Radical prostatectomy can be a very difficult operation. The very best urological surgeons specialize in the prostate gland. They do a lot of these procedures annually. How do you find the right surgeon? The Prostate Cancer Foundation has published a checklist of things to consider before choosing the right surgeon.
1) First, locate a high-volume center that performs a lot of these procedures. Often this is an academic center. Not only are surgeons involved but supporting teams e.g. nursing, specialize in caring for prostatectomy patients. Websites that can help locate such high-volume centers include the National Cancer Institute’s website namely http://www.cancer.gov/research/nci-role/cancer-centers/.
The National Comprehensive Cancer Network (NCCN) also has a useful website for all types of cancer including prostate. See the following web address, https://www.nccn.org/patients.
2) Look for a place where different specialties work together in multi-disciplinary teams such as urology, radiation oncology, medical oncology and pathology. Since prostate cancer is not a “one size fits all” condition, one can get opinions from a team of experts who may recommend treatment modes other than surgery.
3) Ask the surgeon about his patient results. Does he keep results of his many patients regarding their outcomes, side effects such as incontinence and/or impotence, cancer recurrences, etc? Come prepared with a list of questions to ask as well as a detailed description of your specific condition and hopes.
4) Ask the surgeon to provide you with names of his patients who have agreed to speak to other patients about their experiences. If possible, contact some of them. This is helpful in demonstrating that the surgeon has many “happy” patients who comprise a support network to help prospective patients decide what’s best for them. Also check the prostate cancer support groups in your area and ask these men about their experiences and specific surgeons.
5) How many radical prostatectomies has the surgeon performed? The answer should be in the hundreds. If it’s something like “quite a few”, seek elsewhere.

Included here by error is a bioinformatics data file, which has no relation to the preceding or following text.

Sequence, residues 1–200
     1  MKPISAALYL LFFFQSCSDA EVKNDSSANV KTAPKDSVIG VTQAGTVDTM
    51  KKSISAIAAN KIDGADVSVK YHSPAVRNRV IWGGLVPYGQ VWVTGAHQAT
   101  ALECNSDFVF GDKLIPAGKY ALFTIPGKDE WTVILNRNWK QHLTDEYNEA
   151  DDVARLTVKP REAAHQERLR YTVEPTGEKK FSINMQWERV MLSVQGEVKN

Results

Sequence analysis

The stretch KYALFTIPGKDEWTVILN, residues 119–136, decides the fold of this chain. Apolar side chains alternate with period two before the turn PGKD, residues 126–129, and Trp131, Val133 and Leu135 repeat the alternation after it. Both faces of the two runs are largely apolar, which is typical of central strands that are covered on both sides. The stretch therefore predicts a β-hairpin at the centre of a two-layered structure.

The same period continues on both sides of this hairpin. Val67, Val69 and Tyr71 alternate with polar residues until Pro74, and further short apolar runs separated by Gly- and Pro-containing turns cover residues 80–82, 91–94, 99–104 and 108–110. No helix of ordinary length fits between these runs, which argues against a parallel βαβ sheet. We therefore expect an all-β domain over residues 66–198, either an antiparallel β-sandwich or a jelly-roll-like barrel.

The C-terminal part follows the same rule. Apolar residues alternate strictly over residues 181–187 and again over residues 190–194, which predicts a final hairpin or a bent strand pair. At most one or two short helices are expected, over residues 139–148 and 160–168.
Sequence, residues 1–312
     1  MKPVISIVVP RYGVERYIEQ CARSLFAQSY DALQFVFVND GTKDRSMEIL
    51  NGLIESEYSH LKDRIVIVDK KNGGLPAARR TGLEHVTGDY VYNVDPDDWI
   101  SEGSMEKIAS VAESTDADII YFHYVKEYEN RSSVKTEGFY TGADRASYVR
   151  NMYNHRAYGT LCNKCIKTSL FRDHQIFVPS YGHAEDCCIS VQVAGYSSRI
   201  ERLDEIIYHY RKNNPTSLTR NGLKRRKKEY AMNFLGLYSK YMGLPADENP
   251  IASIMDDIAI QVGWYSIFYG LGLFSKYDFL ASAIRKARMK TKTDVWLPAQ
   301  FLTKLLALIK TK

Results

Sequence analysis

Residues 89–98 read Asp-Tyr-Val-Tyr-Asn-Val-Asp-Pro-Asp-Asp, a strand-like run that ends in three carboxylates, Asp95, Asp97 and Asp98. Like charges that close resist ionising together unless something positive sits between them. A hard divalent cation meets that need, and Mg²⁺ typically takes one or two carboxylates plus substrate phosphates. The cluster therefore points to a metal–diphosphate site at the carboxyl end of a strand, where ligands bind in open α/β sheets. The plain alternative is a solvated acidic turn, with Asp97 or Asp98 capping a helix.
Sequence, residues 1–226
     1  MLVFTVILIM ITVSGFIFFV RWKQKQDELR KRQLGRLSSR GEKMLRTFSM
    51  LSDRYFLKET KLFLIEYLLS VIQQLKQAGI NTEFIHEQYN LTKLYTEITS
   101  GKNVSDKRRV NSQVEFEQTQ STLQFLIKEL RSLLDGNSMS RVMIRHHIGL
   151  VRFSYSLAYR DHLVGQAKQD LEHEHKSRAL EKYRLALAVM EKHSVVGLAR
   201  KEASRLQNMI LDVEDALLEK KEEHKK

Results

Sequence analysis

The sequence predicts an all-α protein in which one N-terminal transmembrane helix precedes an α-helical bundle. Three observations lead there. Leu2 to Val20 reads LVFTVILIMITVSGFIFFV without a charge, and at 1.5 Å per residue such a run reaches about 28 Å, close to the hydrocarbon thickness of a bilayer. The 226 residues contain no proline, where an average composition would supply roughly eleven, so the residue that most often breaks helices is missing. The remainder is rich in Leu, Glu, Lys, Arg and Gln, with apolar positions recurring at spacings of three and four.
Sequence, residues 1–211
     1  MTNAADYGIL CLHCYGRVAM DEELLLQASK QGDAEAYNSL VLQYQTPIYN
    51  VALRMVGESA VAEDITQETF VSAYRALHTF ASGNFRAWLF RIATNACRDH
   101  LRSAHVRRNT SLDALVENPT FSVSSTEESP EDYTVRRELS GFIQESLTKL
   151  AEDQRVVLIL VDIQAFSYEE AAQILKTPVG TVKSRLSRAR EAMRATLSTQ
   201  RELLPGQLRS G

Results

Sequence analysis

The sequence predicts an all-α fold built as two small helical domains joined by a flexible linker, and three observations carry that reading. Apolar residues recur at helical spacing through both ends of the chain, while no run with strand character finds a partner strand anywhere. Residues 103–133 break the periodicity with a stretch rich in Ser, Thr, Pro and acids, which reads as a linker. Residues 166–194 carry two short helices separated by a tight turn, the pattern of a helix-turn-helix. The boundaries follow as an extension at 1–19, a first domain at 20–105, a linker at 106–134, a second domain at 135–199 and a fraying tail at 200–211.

6) Ask more than one doctor to recommend the best prostate surgeon in your area. Some doctors are in practice groups and therefore recommend the specialist in that group. That’s why it is good to ask different doctors in different practices.
7) Beware of the reviews or ads on the internet. The internet is full of false accusations or glamorization of surgeons, and specific hospitals and departments. One urologist said that online reviews are totally unreliable. This is not “Angie’s List of plumbers.” Medical groups or individual physicians may have ulterior motives or “good urology friends” who may or may not be the best choice for you.
8) Don’t worry about offending the doctor with questions or by getting a second opinion. Don’t be rude or disrespectful but don’t feel intimidated either. Do your homework. It’s your prostate and your recovery and your life. You don’t want to be one of those men who say afterward “I wish I had listened to good advice; my surgical experience was not as good as I had hoped.”
The Trap of Discouragement
Do you ever feel as if you are stuck in discouragement? Do you feel that you are facing a condition (such as prostate cancer) alone and that God Himself and family or friends truly do not understand your situation? If so, you are not alone. In the Old Testament biblical book of the prophet Habakkuk, the prophet writes “how long O Lord, will I call for help and You will not hear? I cry out to you…., yet You do not save.” (Habakkuk 1:2).